Mbulu. Free grazing of pigs by farmers in Mbulu District, Manyara Region, is the main cause for a food-borne disease spread by the animals and which could be lethal to human beings, it was observed here last week.
Research scientists as well as livestock extension officers have warned that the infection could be brought under control once the rearing of pigs was undertaken “within limits” which would prevent exposure to contaminated food.
The experts made the plea as vaccine trials were underway in Mbulu - one of the districts with the highest concentration of pigs - against ‘Taenia solium’ cysticercosis, a tissue infection obtained through exposure to pork tapeworm.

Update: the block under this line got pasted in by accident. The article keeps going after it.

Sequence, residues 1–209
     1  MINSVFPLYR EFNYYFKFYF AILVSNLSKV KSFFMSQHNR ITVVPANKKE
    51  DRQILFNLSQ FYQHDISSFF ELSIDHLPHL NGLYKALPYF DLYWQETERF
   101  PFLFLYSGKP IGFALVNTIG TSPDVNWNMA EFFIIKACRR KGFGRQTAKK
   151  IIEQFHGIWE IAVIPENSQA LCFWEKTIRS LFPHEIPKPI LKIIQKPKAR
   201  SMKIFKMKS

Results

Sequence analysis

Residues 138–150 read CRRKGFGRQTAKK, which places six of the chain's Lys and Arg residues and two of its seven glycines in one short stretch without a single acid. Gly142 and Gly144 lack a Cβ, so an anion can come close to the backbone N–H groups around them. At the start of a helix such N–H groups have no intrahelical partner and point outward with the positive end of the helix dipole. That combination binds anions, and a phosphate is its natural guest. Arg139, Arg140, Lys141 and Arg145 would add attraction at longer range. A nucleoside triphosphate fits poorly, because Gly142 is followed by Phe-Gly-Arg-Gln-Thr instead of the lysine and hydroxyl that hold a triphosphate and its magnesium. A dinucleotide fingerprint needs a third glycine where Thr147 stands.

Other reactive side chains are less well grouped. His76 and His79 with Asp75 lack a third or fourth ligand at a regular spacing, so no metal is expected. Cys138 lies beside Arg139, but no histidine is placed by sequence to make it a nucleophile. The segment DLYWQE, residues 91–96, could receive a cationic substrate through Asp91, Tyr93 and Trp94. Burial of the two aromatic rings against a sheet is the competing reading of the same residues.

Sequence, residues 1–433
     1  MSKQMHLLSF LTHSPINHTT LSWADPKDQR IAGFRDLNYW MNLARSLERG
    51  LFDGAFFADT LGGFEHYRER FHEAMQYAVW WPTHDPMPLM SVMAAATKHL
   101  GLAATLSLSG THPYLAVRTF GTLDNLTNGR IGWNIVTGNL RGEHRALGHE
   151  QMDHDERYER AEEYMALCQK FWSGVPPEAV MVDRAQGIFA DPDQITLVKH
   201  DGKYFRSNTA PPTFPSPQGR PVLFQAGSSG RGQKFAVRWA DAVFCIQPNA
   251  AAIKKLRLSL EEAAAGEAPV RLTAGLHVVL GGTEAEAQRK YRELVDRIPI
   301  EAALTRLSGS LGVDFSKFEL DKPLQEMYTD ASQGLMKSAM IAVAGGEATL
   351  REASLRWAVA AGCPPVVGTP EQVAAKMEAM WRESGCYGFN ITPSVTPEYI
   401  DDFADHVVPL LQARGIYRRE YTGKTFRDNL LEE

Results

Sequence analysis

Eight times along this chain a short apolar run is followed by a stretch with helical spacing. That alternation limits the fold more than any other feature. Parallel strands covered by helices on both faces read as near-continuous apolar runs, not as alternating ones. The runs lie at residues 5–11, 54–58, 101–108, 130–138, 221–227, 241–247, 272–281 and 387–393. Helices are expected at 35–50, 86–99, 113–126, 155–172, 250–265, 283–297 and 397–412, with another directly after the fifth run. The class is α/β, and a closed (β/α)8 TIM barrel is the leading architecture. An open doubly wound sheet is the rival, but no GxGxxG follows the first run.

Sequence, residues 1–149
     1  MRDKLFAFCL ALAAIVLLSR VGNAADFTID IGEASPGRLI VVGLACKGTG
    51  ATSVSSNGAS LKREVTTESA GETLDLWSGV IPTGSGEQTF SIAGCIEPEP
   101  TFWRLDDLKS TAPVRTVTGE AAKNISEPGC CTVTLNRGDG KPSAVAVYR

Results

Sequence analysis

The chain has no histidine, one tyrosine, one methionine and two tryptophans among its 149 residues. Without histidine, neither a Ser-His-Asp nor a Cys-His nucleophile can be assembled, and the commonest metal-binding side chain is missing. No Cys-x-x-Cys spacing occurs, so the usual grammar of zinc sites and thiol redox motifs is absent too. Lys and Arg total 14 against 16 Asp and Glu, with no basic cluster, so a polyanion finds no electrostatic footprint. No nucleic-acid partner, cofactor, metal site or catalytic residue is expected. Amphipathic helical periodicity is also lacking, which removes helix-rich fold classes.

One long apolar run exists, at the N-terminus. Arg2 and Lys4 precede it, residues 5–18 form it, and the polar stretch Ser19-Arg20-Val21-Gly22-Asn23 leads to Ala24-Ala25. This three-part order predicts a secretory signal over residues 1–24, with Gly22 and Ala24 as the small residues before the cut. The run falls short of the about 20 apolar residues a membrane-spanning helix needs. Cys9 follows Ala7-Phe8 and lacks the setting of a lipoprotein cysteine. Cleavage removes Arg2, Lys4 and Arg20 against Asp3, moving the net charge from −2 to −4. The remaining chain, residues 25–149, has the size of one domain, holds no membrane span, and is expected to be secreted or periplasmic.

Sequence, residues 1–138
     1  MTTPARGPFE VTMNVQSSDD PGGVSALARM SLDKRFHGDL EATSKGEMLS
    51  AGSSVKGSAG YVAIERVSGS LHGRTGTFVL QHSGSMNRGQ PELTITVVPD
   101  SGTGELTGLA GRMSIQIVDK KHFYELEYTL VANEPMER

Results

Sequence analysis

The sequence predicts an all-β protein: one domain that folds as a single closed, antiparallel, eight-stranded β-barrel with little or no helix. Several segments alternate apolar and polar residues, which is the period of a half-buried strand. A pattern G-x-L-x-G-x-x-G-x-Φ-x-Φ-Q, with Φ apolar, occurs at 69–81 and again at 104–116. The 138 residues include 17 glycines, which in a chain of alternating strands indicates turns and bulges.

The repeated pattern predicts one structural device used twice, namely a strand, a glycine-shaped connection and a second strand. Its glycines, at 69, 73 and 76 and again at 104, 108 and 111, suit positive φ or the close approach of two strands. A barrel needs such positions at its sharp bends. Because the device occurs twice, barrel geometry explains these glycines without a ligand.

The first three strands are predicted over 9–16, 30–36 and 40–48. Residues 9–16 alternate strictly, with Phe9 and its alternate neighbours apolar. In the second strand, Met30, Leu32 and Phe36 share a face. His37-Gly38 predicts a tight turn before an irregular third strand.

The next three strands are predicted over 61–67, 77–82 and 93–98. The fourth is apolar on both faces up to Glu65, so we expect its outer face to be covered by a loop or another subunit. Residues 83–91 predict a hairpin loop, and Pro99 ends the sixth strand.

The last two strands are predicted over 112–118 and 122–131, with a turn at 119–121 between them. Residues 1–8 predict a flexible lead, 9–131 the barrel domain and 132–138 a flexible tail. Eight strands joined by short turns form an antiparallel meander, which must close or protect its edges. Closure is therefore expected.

The vaccine trials have been underway for some months under a project involving researchers from the Sokoine University of Agriculture (SUA) and the Central Veterinary Laboratory and sponsored by the Association for Strengthening Agricultural Research in Eastern and Central Africa (Asareca).
“The purpose is to assess whether ‘Taenia solium’ vaccine can or cannot protect pigs against the infection and its effectiveness in controlling the disease,” said Dr Sylvester A. Mwidunda, one of the researchers.
“Specifically, the project aims at enhancing validation of generated vaccine among pig production stakeholders, strengthened capacity utilization of its use in the control of porcine cysticercosis and enhanced knowledge on the vaccine”, he said.
Dr Mwidunda, who led a team of experts to the area last week, said although vaccination was carried out on the pigs, the target was to save human beings from infection through consumption of pork from infected animals.